To Be, or Not to Be in the BCS National Championship: That's the Question for Ohio State

Jeffrey SantonAnalyst IJanuary 19, 2008

After a second straight collapse on the biggest stage in college football, the Ohio State Buckeyes have a long offseason in front of them. 

After last year's beating by an underdog Florida team, the only thing the Buckeyes couldn't afford to do this season was lose another big game on another grand stage—but as we all know, they did. 

OSU fans knew the scrutiny was going to pour in, and has it ever. People everywhere are letting their voices be heard—and every voice outside of the state of Ohio is taking it to them.

The Buckeyes reached the title game in a season in which they started only two seniors and had a less then challenging schedule. To most fans of OSU, this would seem to be a positive development in a re-building year. The young players could gain confidence in their abilities on the field. and make a run at redemption in the process.

This created the perfect storm for what was to come. The Buckeyes' inexperience greatly hindered their chances with senseless personal foul after foul, making the Bucks look foolish on both sides of the ball.

The LSU coaching staff had OSU players and coaches looking perplexed with glazed expressions of confusion and heartbreak. Everyone watching the game nationwide became a mind reader for two quarters. You could visibly see into the mind of every Ohio State player through their expressions, which screamed, "Here we go again," and
"This can't be happening—again."

LSU's DBs had OSUs WR's locked down in man-to-man coverage, allowing LSU's defense to bring the house repeatedly. OSU coaches did not have an answer. It seemed as if the Buckeyes had a Rubik's Cube from hell, and Helen Keller trying to figure it out.

The magical upsets that came in—one after the other, all season long—put OSU into a National Championship game that they were not ready to play. Had they performed respectably in the Rose Bowl, they would have been able to dodge an offseason of scrutiny. Plain and simple—they would have benefited from not being on the grand stage before they were ready to perform on it again.

But the grand scheme of riding an easy schedule to get a shot at the big dance proved to be a self-inflicted shot in the foot.

That being said, people should take a long, hard look at the team they root for and boast about before they jump onto their keyboards and begin to bash. OSU is still one of the premier college football programs in all of college football. Other than the two games that everybody in the nation saw, they have only lost one regular-season game in the past two seasons. In recent history as well as over the generations, the Buckeyes' resume is quite impressive.

Unfortunately, the way college football is set up a lot of jealousy ensues when teams aren't playing where they want to be at the end of the season. Fans tend to pile on the team they thought their school should have replaced in the game. Take any team in all of college football and look at their entire body of work, game by game, and you won't find many that compare—this year, or over the last five—to OSU's.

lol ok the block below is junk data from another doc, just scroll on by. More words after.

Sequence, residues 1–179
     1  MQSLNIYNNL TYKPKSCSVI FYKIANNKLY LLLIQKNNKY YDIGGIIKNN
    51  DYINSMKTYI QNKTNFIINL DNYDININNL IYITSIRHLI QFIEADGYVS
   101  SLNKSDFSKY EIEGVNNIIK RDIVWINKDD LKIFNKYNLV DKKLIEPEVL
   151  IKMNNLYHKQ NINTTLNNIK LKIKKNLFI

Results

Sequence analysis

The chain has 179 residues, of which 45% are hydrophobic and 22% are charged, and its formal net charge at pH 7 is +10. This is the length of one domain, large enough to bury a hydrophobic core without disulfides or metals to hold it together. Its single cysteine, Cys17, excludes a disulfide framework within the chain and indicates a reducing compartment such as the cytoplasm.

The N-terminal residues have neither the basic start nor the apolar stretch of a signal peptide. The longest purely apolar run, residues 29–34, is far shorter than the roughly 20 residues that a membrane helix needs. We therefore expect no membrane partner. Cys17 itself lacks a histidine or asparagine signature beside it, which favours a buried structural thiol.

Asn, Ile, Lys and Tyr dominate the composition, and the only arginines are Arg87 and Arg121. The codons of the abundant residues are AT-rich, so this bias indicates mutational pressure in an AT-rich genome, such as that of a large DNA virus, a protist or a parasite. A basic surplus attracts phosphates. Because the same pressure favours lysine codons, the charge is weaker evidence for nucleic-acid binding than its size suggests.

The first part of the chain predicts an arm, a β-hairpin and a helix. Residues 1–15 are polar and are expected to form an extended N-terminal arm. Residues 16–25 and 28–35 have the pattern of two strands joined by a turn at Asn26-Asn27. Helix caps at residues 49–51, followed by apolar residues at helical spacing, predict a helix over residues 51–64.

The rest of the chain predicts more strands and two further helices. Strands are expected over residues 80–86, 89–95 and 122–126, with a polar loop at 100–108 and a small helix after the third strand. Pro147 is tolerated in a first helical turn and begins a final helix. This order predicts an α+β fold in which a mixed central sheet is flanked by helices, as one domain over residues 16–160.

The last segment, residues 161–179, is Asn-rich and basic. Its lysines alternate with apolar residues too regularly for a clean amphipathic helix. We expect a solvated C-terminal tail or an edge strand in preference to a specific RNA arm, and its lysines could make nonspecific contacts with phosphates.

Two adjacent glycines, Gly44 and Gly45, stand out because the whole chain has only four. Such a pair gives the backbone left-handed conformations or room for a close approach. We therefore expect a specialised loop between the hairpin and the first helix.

Unfortunately, the BCS is like a sadistic uncle that constantly inflicts wedgies and Indian burns. They enjoy the fact that blogs and boards everywhere continue to buzz over who has the greatest team and force us to simply argue with what ifs. When it's all settled on the field—or should I say, "if"—with a playoff system a lot of this can be put to rest.

The Big Ten is down—there is no doubt about that. The SEC is beginning to separate themselves from the rest, so let the best teams have it out on the field. If an eight-team playoff has six SEC teams, so be it. Then, instead of opinion-based arguments that sometimes seem to border on the equivalent of arguing over religion or politics, these issues can be settled the way they should be—on the field. 

Even this year in a championship game that was somewhat lopsided you have Georgia—who got beat up by Tennessee, and lost to a mediocre South Carolina; USC—Stanford, enough said; and probably some others who think they should be the ones playing for that trophy.

What if Georgia or USC had lost to teams like those in playoff games? Would OSU still be everyone's punching bag?         

In closing, the Ohio State Buckeyes got in a game that they deserved to be in with the BCS set-up being what it is. However, I highly doubt they were the second best team in football this year.

But, if you are of the majority that's going kick the Bucks while they are down (or rebuilding, or reloading, or however else you want to word it) be careful how loud you proclaim their demise: OSU continues to recruit some of the highest-touted prospects in the nation. and are  bringing back virtually their entire starting team from last season.

As I said before, it's almost impossible to agree across the board on any take on college football, but one thing I think the majority of us can agree on is the need for a playoff.

To who it may concern with the BCS, as divided as fans can be about their teams, we don't seem to be so divided on our opinions of you. Let em play.